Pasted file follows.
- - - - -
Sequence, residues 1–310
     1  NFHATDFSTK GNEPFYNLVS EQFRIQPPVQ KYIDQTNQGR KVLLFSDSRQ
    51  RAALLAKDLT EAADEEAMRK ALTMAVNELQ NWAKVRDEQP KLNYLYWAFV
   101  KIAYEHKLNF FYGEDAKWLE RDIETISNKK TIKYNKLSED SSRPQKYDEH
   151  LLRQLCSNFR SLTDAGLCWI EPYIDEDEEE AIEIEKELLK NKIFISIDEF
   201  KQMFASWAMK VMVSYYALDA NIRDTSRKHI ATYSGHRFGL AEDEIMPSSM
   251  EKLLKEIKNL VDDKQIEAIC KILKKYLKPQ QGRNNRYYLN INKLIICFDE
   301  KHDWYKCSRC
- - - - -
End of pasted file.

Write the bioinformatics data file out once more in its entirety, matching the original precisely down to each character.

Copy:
Sequence, residues 1–310
     1  NFHATDFSTK GNEPFYNLVS EQFRIQPPVQ KYIDQTNQGR KVLLFSDSRQ
    51  RAALLAKDLT EAADEEAMRK ALTMAVNELQ NWAKVRDEQP KLNYLYWAFV
   101  KIAYEHKLNF FYGEDAKWLE RDIETISNKK TIKYNKLSED SSRPQKYDEH
   151  LLRQLCSNFR SLTDAGLCWI EPYIDEDEEE AIEIEKELLK NKIFISIDEF
   201  KQMFASWAMK VMVSYYALDA NIRDTSRKHI ATYSGHRFGL AEDEIMPSSM
   251  EKLLKEIKNL VDDKQIEAIC KILKKYLKPQ QGRNNRYYLN INKLIICFDE
   301  KHDWYKCSRC